The Bern Convention does not work in isolation, it partners with other environmental institutions, such as groups of experts, or national and international NGOs that monitor the Convention’s recommendations implementation and are regularly invited to attend meetings.
A number of agreements aim to directly address the causes and consequences of habitat loss, notably by acting on diverse topics like migratory or endangered species, biodiversity, or coastal areas. The Bern Convention in particular is present at all stages of the process—if we compare the evolution of habitat loss to a story, like in the infographic below, the Convention would address the issue from the initial situation (preventative measures) to the solution (remedial measures), although this does not mean that the Convention is always successful.
The Bern Convention members, in conjunction with other organisations, as part as other projects (such as Natura 2000), and with other targets in mind (such as the Aichi targets of the CBD) have led to rather satisfactory results in terms of surface of protected land in Europe. If the total protected area in Europe even exceeds the global Aichi target in 2020, it hides problems such as the lack of appropriate management, high human pressure on land, or fragmentation, and therefore lowers the level of protection that might be expected.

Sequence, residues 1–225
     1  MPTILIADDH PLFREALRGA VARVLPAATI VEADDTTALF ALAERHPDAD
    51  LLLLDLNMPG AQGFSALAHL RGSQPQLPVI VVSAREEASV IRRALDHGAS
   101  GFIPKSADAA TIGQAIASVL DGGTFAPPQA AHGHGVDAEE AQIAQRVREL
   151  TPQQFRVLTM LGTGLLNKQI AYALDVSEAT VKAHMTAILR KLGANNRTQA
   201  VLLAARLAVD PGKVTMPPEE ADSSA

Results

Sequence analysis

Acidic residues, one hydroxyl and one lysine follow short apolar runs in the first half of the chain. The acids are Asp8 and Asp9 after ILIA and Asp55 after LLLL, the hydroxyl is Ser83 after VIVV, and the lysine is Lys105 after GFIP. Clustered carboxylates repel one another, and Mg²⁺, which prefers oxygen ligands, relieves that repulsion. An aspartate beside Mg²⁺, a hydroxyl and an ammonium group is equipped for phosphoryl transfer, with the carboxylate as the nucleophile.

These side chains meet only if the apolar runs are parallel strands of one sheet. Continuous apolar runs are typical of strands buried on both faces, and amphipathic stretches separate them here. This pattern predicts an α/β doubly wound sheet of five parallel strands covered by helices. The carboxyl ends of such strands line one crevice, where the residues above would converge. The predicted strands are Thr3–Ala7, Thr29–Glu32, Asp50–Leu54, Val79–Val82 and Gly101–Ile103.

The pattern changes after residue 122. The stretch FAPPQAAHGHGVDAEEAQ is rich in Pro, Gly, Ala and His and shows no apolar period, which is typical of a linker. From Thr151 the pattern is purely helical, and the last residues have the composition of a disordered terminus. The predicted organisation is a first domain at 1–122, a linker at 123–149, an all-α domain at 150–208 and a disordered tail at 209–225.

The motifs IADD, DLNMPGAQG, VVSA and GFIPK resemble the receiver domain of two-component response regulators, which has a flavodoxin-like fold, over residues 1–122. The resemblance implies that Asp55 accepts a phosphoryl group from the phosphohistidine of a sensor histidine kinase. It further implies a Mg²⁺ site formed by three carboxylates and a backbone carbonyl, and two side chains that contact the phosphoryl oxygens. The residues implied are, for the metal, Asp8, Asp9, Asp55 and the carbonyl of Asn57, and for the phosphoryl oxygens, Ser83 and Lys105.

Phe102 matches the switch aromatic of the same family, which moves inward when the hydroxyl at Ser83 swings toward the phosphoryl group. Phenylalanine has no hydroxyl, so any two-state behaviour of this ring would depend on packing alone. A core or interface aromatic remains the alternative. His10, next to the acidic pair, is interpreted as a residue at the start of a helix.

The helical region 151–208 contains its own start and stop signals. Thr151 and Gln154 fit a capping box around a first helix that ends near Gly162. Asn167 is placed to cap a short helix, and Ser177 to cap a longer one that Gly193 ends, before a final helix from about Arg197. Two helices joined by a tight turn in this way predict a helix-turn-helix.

So, why is the Bern Convention only partially successful?
This could be due to multiple factors, such as its weak enforcement mechanisms, limited power, but also because it does not address the indirect causes that affect natural habitats. It may also be due to its lack of influence amongst non-governmental actors, considering its very close allegiance to the European Union. Its performance may also be hard to assess in isolation from the Habitats Directive, for instance, as both have similar objectives. Besides, the Bern Convention seems to attract relatively little interest: its online presence, as well as the number of external assessments or articles that consider the Bern Convention—especially as a whole, rather than focusing on a species or region—is sorely limited. With few external, public critiques, the Bern Convention can only count on its internal members to improve its structure and efficiency, despite them having a seemingly overly positive view of their own work.